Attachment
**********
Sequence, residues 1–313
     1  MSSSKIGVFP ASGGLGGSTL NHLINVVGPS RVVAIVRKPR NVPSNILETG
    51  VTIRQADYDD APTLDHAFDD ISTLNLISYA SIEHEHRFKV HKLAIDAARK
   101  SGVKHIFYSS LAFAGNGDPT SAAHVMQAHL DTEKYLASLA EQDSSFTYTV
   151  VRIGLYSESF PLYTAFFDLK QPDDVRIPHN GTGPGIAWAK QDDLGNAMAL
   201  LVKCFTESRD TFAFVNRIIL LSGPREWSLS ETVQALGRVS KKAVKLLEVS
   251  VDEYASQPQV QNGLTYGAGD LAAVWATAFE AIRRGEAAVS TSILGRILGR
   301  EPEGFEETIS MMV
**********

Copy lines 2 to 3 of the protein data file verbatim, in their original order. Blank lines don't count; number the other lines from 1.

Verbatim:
     1  MSSSKIGVFP ASGGLGGSTL NHLINVVGPS RVVAIVRKPR NVPSNILETG
    51  VTIRQADYDD APTLDHAFDD ISTLNLISYA SIEHEHRFKV HKLAIDAARK